Egyptians vote to elect new pro-Sisi parliament
Egyptians voted on Sunday in the first round of the long-delayed elections to choose a new parliament as President Abdel Fattah al-Sisi seeks to tighten his grip on power over two years after he ousted his Islamist predecessor.
Cairo: Egyptians voted on Sunday in the first round of the long-delayed elections to choose a new parliament as President Abdel Fattah al-Sisi seeks to tighten his grip on power over two years after he ousted his Islamist predecessor.
The election consists of two rounds of voting and results are not expected to be known until early December as 27,402,253 eligible voters choose 596 MPs for the lower house, the House of Representatives.
The first stage of the parliamentary polls will see polling in fourteen Egyptian governorates -- Giza, Alexandria, Beheira, Minya, Suhag, Assuit, Qena, Fayyoum, Beni Sueif, Aswan, Luxor, the Red Sea, Mersa Matrouh and the New Valley.
The 14 governorates have about 18,945 polling stations. Of the 596 seats, 448 have been reserved for independents while 120 will be chosen from party-based lists.
President Sisi is authorised to appoint 28 more members in the one-chamber assembly.
The voters began streaming into the polling stations this morning under heavy security vigil with at least 180,000 policemen deployed for the first phase, according to Interior Ministry spokesperson Abu Bakr Abdel-Karim.
He said the policemen would be joined by at least 185,000 military troops.
Sisi had yesterday urged all Egyptians to actively participate in parliamentary elections.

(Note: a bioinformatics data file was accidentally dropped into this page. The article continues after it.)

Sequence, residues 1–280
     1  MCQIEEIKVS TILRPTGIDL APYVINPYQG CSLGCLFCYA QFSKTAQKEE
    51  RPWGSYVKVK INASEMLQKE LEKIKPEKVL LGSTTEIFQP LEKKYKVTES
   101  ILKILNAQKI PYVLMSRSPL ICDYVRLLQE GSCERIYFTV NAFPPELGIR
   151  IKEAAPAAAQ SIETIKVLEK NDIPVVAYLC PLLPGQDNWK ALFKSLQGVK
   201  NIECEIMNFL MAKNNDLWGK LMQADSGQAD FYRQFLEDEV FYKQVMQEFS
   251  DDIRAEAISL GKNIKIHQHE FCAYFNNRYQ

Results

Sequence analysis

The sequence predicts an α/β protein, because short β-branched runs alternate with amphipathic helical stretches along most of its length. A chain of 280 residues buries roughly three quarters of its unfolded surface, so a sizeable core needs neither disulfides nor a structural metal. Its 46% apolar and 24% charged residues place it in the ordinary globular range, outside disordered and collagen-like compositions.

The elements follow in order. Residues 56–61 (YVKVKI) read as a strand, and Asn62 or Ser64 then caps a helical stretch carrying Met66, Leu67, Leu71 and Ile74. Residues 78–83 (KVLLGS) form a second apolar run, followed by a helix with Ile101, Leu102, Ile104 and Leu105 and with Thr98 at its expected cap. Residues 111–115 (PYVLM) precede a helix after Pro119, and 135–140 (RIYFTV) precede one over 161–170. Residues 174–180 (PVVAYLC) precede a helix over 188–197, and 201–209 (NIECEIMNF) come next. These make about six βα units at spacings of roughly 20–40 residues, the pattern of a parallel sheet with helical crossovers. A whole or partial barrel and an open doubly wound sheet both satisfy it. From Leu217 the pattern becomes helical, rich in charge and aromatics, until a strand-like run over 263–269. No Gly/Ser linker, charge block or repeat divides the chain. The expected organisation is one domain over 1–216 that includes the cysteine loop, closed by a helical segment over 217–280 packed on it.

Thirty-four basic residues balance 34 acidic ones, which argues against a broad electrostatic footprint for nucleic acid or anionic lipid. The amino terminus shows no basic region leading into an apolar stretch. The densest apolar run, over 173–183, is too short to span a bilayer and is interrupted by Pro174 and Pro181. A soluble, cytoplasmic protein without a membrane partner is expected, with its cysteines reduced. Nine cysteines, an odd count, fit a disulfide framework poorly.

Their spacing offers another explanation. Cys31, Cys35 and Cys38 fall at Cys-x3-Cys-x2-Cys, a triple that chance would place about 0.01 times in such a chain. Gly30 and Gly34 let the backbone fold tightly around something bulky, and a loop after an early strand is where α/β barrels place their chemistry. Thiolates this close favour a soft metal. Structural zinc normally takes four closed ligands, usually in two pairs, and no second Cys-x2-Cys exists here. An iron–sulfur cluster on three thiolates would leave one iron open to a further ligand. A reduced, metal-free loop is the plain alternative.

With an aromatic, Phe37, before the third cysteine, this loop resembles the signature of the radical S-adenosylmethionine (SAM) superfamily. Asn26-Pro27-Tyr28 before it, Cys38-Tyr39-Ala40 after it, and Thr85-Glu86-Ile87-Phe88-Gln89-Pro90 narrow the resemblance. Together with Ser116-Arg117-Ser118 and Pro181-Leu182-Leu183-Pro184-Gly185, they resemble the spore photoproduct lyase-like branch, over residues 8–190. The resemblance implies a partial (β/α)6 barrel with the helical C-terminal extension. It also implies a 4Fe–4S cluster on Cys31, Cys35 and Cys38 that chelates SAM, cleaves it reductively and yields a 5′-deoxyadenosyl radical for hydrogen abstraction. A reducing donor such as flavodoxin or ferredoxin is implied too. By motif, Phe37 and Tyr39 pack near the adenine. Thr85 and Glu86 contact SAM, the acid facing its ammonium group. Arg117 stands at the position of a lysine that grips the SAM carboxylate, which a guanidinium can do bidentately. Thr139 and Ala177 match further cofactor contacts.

The President, in reference to the ouster of the country's first freely elected leader Mohamed Morsi in July, 2013, said people's will which appeared in going to the streets in millions is what "dethroned injustice and fascism".
Sisi specially called on the youth, women and expatriates to cast their ballots.
The parliamentary elections started yesterday in 139 countries with Egyptian expatriates casting their votes.
At least 10 million Egyptians are estimated to work abroad. However, only 700,000 are registered voters.
A Foreign Ministry official said balloting will not be held in Yemen, Libya, Syria and the Central African Republic (CAR) due to unrest there.
The elections will be monitored by national and international judges, media and delegates to guarantee the integrity of the balloting process.
The second stage of the parliamentary elections, from November 22-23, will see polling in the remaining 13 governorates.
Egypt has been without a parliament since the previous parliament, elected in late 2011, was dissolved in June 2012 after a court ruled electoral laws in place to be unconstitutional. President Sisi currently holds legislative powers.
Once a Parliament is elected its members will have to vote on all laws issued by Sisi and his predecessor Adly Mansour.